It beggars belief, when you think about it, that the Queen is fulfilling the same role at the age of 96 that she first stepped into 70 years ago.
Parachuted into the job earlier than anyone hoped, having lost her beloved father at 25, she has grown from young wife and mother to grandmother and now great-grandmother with the world at her feet in admiration.
Through 14 prime ministers and 13 US presidents, the growth of the Commonwealth and loss of realms, she has ploughed on steadily with the same calendar of events and constitutional duties without let-up.
Now, there has been a subtle, quiet tweak to those duties from Buckingham Palace itself.
Out go the specific promises to always be at the State Opening of Parliament and to travel overseas, and in comes more support from her family.
It was already happening in practice, of course. But for an institution that changes at a deliberately glacial pace in most things, the decision to write it down is striking.
It certainly takes a little pressure off the Queen, whose mobility problems have compelled her to change her programme significantly.
Her duty to fulfil a “range of parliamentary and diplomatic duties” gives aides flexibility to define what those are on a day-to-day basis.
The role of the monarch is defined largely by convention. As Her Majesty said herself in her Jubilee message: “When it comes to how to mark 70 years as your Queen, there is no guidebook to follow. It really is a first.”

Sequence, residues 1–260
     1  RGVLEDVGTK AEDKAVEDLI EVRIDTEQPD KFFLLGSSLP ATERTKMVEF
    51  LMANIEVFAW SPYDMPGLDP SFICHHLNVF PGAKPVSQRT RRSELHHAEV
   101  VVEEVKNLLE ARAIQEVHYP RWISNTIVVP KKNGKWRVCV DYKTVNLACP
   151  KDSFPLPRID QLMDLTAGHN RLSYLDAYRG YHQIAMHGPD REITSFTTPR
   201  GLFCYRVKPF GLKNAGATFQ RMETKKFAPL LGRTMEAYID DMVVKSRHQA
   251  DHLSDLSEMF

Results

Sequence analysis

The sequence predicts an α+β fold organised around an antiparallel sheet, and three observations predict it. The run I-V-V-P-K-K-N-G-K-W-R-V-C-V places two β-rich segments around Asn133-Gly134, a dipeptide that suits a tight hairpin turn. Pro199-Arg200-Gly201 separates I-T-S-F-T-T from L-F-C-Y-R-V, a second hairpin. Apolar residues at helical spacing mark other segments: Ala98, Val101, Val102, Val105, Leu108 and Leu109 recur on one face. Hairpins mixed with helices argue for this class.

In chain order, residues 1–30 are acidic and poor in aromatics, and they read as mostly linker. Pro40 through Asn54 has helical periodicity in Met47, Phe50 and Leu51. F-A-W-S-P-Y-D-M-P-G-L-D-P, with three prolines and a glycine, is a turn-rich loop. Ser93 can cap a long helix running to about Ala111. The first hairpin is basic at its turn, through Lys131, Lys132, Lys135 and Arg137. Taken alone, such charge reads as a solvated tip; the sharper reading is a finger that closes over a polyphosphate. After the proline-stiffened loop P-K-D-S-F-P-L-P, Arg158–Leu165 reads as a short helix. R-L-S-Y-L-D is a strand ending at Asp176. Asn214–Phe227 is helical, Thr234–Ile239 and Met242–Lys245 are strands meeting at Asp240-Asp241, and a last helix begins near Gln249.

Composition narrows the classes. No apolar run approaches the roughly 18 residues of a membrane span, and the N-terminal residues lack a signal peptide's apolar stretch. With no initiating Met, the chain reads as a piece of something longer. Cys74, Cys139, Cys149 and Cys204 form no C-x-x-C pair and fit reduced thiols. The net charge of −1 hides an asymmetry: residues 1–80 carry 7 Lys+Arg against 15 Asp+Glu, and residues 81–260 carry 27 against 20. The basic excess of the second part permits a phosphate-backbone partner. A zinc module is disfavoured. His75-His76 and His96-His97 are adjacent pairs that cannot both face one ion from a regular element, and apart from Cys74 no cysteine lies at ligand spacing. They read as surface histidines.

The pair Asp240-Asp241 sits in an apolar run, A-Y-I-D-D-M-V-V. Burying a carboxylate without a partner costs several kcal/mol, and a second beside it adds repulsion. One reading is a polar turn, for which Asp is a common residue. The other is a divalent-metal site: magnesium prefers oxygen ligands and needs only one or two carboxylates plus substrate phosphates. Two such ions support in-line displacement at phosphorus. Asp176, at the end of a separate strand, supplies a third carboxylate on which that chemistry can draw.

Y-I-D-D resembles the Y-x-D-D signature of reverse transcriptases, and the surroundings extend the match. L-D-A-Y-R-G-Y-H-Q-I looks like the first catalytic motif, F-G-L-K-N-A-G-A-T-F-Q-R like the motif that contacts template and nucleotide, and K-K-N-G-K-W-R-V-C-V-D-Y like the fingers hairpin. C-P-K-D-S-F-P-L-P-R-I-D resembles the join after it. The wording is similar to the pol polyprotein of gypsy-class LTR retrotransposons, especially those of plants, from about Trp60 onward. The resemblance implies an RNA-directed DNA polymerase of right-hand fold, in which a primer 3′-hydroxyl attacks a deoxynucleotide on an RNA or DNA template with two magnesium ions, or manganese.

It is to this country’s credit that its monarchs can bear the ebb and flow of social change over centuries, able to adapt to keep pace while sticking to the key principles of continuity and neutrality.
If the palace is not quite moving the constitutional goalposts, it has certainly slightly shuffled them, most noticeably as the Queen missed the State Opening of Parliament with no sign she will be able to return next year.
Now it has written those new expectations down, with sign-off of the Sovereign Grant report at the highest levels.
The changes, however gradual, will have implications for the future: will the new definition continue in the reign of a future King Charles? Will the tweaks be reversed? Or will the court of Charles one day form its own version of the constitutional duties of the monarch?
For now, it is a matter of common sense practicality: the Queen should be enabled to do her job with dignity.
As Prince Charles increasingly takes on the “Head of Nation” parts of the role (four-fifths of the named public events, half of the named prize-givings and most of the garden parties, investitures and receptions specified this year), so the country will gradually get used to a new era.
Earlier this year, the Queen asked that we “look to the future with confidence and enthusiasm”. She also made a point of saying: “I look forward to continuing to serve you with all my heart.”
In this, the palace has given her the freedom to do so.